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Tuesday, April 02, 2019, 12:28
Extradition law changes will 'plug existing loopholes'
By Joseph Li
Tuesday, April 02, 2019, 12:28 By Joseph Li

HONG KONG - The government’s decision to proceed with amendments to the extradition law by removing nine less-serious commercial offenses from the proposed changes is to be welcomed, says Chief Executive Officer of the Chinese Manufacturers Association of Hong Kong Raymond Young Lap-moon.

The withdrawal of nine offenses has largely eased the concerns of Hong Kong manufacturers

 Raymond Young Lap-moon,

Chief Executive Officer,

Chinese Manufacturers Association of Hong Kong

Such a move will close existing loopholes in the legislation and uphold justice, he said.

“The withdrawal of nine offenses has largely eased the concerns of Hong Kong manufacturers. At first, they feared they might inadvertently break the law because they do not know the mainland legal system well enough, or could be framed by other people.”

The original amendment proposal unveiled by the government last month covered a total of 46 offenses.

The government had earlier collected extensive public views. Secretary for Security John Lee Ka-chiu had visited the CMA’s head office on March 20 to listen to the concerns of manufacturers -- one of the most active groups doing business on the Chinese mainland.

“At the meeting, we discussed the 46 offenses in detail and urged him to remove some of them from the proposed amendments. It’s not because we have no confidence in the mainland’s judicial system, we just worry that we might, unknowingly, commit an offense with no criminal intent,” said Young.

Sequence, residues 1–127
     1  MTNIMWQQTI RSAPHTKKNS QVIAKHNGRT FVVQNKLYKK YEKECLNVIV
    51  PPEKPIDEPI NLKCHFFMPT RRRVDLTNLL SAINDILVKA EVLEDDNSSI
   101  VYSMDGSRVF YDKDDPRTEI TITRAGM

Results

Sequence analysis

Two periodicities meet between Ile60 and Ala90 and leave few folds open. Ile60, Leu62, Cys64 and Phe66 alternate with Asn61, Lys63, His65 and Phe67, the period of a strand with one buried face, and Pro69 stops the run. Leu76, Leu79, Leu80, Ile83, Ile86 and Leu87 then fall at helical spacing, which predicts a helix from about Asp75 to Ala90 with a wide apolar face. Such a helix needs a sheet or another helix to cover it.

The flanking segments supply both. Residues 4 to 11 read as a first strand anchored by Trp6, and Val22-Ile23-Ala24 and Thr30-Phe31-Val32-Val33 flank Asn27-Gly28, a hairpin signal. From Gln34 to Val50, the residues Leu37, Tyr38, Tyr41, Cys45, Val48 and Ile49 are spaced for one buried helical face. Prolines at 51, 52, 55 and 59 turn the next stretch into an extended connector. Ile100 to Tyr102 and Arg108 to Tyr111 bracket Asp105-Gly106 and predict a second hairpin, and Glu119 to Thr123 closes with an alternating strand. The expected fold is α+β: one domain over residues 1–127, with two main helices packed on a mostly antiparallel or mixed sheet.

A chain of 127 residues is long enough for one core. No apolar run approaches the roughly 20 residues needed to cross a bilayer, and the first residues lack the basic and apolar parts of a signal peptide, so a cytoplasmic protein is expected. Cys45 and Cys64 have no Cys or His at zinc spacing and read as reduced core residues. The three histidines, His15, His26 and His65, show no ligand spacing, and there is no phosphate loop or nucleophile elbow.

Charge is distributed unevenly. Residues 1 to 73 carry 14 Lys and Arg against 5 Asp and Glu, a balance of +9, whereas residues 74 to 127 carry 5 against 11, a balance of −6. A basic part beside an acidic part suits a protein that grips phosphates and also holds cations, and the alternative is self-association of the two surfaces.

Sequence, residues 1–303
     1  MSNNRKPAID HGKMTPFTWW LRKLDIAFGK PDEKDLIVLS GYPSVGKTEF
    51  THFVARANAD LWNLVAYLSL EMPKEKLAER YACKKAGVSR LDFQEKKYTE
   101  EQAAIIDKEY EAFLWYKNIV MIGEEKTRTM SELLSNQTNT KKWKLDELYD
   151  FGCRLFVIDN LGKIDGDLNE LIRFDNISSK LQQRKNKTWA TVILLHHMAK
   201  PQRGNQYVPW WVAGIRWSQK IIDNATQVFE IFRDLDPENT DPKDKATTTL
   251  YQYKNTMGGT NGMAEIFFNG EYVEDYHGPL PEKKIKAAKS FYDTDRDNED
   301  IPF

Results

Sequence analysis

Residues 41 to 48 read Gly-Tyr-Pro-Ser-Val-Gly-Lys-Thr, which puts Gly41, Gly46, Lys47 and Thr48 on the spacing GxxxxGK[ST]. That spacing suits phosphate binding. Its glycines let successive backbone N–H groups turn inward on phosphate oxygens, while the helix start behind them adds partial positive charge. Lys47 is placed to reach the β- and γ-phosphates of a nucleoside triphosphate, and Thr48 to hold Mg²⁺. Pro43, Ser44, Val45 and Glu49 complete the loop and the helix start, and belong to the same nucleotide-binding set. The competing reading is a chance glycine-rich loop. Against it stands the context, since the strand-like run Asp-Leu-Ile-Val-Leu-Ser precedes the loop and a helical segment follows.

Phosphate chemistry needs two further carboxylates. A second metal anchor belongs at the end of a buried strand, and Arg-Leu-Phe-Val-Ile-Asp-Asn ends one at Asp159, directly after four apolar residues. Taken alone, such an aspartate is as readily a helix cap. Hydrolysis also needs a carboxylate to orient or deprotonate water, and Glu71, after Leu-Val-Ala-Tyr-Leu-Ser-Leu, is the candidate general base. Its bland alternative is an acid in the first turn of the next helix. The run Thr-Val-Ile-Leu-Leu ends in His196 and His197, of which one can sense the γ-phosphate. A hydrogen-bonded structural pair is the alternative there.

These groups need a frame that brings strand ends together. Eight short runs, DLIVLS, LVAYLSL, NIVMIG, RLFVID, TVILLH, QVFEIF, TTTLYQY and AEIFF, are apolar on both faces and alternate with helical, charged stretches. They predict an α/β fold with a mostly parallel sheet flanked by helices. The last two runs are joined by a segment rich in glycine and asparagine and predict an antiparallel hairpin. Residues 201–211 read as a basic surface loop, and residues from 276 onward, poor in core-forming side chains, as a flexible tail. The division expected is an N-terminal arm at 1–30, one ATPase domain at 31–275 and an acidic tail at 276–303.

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According to Young, CMA President Dennis Ng Wang-pun was “strikingly close” as he had told the media after the meeting that Lee would consider removing eight to 10 offenses from the list.

But, it’s still possible that the nine offenses to be removed could be reinstated in future, Young quoted Lee as saying.

The Security Bureau subsequently withdrew nine commercial offenses from the list, including those relating to bankruptcy, environmental protection, intellectual property rights and accessing the computer with criminal or dishonest intent.

It also raised the threshold for extradition, explaining that only offenses subject to three or longer years of imprisonment, instead of one year as proposed earlier, would be subject to extradition. Serious offenses relating to corruption are retained.

Young does not think the withdrawals mean that the government is bending to the business sector.

“The government is not favouring businesspeople because others people, apart from businessmen, may also commit offenses concerning money exchange and accessing the computer with criminal or dishonest intent,” he said.

Young thought the government has been swift in adjusting its stance because it aims to introduce the bill in the Legislative Council on Wednesday and get it passed before the summer break in July this year.

The proposed amendments to the Fugitive Offenders Ordinance and Mutual Legal Assistance in Criminal Matters Ordinance are sparked by a murder case in Taiwan in March last year.

A Hong Kong resident had gone to Taiwan with his girlfriend on holiday, but he returned to Hong Kong after his companion was murdered on the island.

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Hong Kong police could not charge him with murder, but could only detain him for suspected theft and money laundering.

It’s against this backdrop that the special administrative region government proposed amending the said ordinances to include the Chinese mainland, Macao and Taiwan, as well as other jurisdictions, in extraditing fugitives.

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